A nightmare for García as other GC favourites tame the gravel

The Spanish champ had a really bad day.

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Riders, race motos, and team cars all wore a layer of white dust as they crossed the finish line in Bar-sur-Aube on Wednesday afternoon. With a chaotic stage 4 of the Tour de France Femmes behind them, the riders filtered back to their team buses and campervans to debrief and take stock.

It was perhaps the most anticipated stage of the race. A day with four gravel sectors that had the potential to redefine the complexion of the Tour.

Many riders got through completely unscathed. Some crashed. Others had multiple punctures and finished more than 20 minutes behind solo stage winner Marlen Reusser (SD Worx). But in the end, the Tour’s gravel stage didn’t offer the almighty GC shake-up we might have expected.

In fact, virtually all of the race’s GC contenders finished the day without losing time, finishing in a group behind Reusser and three chasers.

Mavi García (UAE Team ADQ) was one notable exception. The Spanish champion had a horrendous day out.

She first punctured on the third gravel sector with 34 km to race and was forced to chase her way back to the bunch. She punctured again with 20 km to go, on the final gravel sector, then caused a passing Alex Manly (BikeExchange-Jayco) to crash as she grabbed a bike from teammate Erica Magnaldi.

And then with 13 km to go, García’s team car clipped her back wheel, sending the 38-year-old sprawling to the ground at more than 40 km/h.

García eventually crossed the finish more than three minutes down on Reusser and 90 seconds behind the rest of the GC favourites. She’d started the stage in sixth place but by day’s end she was 11th.


Update: While García and her team originally refused to speak after the stage, García posted to Instagram the morning after expressing her frustration with the day’s events.

“I ended up with a lot of anger inside because of everything that happened and because I felt really strong, but that’s the way things are,” she wrote. “I could not do more.”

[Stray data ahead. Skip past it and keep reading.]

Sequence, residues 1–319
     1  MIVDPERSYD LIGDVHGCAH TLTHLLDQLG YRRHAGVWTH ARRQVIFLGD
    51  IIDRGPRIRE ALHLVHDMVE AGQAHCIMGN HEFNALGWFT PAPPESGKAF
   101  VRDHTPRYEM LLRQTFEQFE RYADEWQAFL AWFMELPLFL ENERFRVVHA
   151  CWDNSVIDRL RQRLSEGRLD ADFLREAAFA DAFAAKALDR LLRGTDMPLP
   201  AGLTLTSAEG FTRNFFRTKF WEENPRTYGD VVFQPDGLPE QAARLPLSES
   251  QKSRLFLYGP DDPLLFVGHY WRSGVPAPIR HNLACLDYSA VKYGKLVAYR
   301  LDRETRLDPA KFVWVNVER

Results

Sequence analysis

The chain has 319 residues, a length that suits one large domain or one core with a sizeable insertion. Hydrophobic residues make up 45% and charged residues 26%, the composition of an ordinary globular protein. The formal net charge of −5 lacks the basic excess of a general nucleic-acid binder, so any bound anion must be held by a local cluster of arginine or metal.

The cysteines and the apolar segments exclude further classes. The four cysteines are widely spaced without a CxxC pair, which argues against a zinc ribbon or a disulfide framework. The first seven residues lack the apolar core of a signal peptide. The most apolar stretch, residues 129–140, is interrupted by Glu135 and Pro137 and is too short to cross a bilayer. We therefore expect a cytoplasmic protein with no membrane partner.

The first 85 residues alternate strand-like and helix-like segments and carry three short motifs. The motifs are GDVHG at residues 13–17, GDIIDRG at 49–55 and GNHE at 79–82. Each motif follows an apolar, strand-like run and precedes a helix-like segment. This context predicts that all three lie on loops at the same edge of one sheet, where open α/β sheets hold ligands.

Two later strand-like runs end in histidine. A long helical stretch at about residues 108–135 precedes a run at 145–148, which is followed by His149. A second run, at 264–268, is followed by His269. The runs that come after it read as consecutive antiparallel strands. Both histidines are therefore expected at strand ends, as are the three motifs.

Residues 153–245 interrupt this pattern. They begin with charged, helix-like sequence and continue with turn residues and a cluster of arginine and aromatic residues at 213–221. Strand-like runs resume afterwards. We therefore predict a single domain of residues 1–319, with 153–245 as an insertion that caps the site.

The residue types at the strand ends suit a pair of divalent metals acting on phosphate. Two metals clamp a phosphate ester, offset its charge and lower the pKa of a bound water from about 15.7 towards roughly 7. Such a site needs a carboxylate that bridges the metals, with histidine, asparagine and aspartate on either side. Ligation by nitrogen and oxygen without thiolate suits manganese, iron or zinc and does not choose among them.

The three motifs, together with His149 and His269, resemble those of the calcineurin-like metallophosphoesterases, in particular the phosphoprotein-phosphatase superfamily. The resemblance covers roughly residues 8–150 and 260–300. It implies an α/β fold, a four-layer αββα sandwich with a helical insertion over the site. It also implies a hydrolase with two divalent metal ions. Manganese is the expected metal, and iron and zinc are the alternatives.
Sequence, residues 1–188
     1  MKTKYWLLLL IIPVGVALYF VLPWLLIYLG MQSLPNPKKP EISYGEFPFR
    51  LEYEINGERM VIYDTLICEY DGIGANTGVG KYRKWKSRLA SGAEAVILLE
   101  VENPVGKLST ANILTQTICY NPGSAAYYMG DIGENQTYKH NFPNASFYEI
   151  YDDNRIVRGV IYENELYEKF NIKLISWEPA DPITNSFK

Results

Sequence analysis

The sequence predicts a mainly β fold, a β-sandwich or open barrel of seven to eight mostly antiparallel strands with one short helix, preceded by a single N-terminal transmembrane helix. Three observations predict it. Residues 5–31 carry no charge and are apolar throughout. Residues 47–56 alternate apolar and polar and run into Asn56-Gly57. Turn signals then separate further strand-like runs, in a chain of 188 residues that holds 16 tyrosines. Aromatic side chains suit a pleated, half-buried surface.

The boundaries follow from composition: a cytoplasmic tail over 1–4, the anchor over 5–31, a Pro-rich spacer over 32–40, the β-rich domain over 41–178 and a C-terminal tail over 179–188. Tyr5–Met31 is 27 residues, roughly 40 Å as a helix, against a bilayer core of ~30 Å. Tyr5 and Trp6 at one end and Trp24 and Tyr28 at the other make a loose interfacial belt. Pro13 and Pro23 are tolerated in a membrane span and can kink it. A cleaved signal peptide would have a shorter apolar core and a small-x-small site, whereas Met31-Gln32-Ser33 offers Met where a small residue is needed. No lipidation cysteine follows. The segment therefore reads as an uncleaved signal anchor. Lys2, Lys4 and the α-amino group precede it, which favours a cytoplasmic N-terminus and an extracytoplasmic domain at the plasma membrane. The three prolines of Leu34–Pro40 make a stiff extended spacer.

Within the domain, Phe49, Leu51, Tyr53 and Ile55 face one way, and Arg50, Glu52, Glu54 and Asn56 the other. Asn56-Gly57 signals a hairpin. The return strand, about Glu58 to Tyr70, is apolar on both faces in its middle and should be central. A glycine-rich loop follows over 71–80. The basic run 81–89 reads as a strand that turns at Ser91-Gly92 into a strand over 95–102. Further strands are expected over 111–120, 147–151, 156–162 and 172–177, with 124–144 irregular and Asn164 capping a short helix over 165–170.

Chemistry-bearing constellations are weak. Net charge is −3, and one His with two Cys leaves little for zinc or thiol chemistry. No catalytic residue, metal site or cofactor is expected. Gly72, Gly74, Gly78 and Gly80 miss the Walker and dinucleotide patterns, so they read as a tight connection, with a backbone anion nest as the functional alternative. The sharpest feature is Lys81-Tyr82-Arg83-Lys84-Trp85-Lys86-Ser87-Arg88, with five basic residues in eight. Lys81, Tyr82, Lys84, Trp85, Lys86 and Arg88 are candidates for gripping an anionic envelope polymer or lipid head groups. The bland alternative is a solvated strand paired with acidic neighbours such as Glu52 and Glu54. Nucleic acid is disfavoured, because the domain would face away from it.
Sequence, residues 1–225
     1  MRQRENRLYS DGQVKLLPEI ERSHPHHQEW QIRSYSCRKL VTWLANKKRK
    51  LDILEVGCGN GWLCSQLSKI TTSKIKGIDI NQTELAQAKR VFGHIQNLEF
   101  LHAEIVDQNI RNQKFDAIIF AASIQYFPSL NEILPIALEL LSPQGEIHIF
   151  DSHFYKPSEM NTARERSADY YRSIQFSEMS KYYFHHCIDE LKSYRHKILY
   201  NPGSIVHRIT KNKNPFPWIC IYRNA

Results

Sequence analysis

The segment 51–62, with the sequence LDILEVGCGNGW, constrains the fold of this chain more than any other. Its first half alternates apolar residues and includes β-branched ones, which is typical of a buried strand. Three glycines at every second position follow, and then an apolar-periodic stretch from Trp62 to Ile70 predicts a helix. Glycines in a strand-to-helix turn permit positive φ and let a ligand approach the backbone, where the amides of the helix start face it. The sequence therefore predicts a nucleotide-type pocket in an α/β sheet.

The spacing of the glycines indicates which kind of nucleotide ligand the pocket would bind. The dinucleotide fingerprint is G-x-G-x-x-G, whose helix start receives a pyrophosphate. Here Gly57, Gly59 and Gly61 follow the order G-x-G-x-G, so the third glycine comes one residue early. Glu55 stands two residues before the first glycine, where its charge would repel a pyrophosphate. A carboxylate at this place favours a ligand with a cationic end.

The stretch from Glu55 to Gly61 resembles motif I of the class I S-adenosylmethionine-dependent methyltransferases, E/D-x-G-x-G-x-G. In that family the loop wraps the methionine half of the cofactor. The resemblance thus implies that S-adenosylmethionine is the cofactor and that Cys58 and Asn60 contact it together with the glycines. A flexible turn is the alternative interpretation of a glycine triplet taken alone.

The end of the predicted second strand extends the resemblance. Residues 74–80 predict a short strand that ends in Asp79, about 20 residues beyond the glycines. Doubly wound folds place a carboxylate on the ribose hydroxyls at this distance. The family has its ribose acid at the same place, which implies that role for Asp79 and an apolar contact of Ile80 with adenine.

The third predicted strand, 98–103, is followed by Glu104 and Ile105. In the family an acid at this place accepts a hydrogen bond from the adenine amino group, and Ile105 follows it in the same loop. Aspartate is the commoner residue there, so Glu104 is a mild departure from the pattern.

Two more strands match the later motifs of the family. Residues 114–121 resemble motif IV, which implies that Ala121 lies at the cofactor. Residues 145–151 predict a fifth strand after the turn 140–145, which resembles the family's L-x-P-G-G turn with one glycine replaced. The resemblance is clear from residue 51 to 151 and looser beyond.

While García was the only GC contender to lose significant time, she certainly wasn’t the only one to run into difficulty on the stage.

Kasia Niewiadoma (Canyon-SRAM) punctured near the end of the second sector before making her way back to the bunch. Yesterday’s winner Cecilie Uttrup Ludwig (FDJ Suez Futuroscope) punctured on the same sector but also made it back after getting a spare wheel from teammate Vittoria Guazzini.

Elisa Longo Borghini (Trek-Segafredo) punctured on the final sector and relied heavily on teammates to bring her back to the GC group.

“The team was absolutely amazing with me,” the Italian said immediately after the finish. “There was [Elisa] Balsamo giving [me her] bike straight away and I could keep going. And then Shirin [van Anrooij] tried to bring me back and she did a very good job, but she had both tires completely flat. So Ellen [van Dijk] had to wait for me.”

And then there was Annemiek van Vleuten (Movistar), the overwhelming pre-race favourite for the overall, who also punctured in the final sector and had to chase back to the GC group on Emma Norsgaard’s bike.

With half the race now complete – the half she was most nervous about – Van Vleuten will be counting her blessings that she’s still less than a minute behind her biggest GC rivals. She’s spent several days feeling ill and lost some time on stages 2 and 3. Were it not for Norsgaard being on the spot, she might have lost more time today too.

Van Vleuten will certainly be relieved today’s gravel stage is behind her – she’s been a vocal critic of its inclusion in the inaugural Tour de France Femmes all week.

“This doesn’t belong in a stage race,” she said bluntly at the end of today’s stage. “Nice for the winner, but not for the classification riders. I like the Strade Bianche as a one-day race, but not in a stage race.”

She’s not the only one that feels that way. Former pro Iris Slappendel, who’s providing in-race TV commentary from a motorbike, said today’s stage was too much.

“Maybe we were sort of lucky that we only lost García for the GC, but it could have been much worse, I think,” she told CyclingTips. “Because this gravel was yeah … maybe on a gravel bike or a mountain bike, it’s fun. But on a race bike … I think it’s just a little bit too much and it becomes a bit too much of a lottery depending on which cars are in front of the caravan and the resources the teams have to put people on the side of the road.

“For me being on the moto, I think [Paris-]Roubaix felt like a walk in the park compared to today’s stage. Really.”

Most Van Vleuten, most riders will be glad today’s stage is over. Particularly those targetting the GC who survived another day in contention at the top of the leaderboard. 

Marianne Vos (Jumbo-Visma) still leads the race, 16 seconds ahead of Silvia Persico (Valcar-Travel & Service), with Niewiadoma and Longo Borghini all within 21 seconds. With two lumpy stages and two mountainous days remaining, the top 10 on GC are all within 2:20 of one another.

The dust has now settled on the race’s most anticipated – and most controversial – stage but plenty of exciting racing still remains.

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